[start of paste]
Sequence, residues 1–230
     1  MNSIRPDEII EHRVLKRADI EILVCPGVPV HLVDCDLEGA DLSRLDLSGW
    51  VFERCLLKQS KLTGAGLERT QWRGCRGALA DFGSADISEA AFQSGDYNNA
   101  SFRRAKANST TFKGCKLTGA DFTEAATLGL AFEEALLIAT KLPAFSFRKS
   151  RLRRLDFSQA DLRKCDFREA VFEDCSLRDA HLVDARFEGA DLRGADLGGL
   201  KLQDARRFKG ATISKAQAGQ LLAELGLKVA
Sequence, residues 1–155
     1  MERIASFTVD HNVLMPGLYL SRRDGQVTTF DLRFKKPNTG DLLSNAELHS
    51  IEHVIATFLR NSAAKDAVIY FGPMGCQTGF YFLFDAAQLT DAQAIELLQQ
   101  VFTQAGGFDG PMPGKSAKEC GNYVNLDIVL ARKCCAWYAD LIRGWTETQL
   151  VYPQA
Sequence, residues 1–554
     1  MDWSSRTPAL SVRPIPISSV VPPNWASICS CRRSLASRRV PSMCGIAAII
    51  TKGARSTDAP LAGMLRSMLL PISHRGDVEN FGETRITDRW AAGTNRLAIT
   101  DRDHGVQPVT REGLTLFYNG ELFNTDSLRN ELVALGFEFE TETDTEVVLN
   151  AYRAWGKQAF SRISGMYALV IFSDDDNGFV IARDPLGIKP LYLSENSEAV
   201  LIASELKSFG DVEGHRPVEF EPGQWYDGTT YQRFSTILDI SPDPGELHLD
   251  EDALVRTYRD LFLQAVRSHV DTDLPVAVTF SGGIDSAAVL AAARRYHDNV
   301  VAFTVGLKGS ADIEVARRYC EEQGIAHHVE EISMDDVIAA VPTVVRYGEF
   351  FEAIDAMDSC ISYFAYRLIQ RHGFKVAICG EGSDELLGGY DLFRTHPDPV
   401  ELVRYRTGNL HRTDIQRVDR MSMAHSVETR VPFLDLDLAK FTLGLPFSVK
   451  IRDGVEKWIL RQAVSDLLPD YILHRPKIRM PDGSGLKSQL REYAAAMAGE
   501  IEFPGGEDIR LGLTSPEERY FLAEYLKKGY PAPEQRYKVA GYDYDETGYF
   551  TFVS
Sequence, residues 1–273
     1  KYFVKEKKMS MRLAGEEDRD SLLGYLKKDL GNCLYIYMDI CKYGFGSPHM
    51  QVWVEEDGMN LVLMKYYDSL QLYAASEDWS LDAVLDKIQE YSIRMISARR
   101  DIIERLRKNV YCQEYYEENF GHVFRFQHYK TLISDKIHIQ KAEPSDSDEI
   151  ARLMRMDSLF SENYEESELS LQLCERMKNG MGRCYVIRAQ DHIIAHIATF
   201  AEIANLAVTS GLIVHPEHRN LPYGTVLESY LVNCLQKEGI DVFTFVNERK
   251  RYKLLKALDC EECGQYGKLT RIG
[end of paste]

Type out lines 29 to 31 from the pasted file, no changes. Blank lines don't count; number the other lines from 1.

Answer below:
   151  ARLMRMDSLF SENYEESELS LQLCERMKNG MGRCYVIRAQ DHIIAHIATF
   201  AEIANLAVTS GLIVHPEHRN LPYGTVLESY LVNCLQKEGI DVFTFVNERK
   251  RYKLLKALDC EECGQYGKLT RIG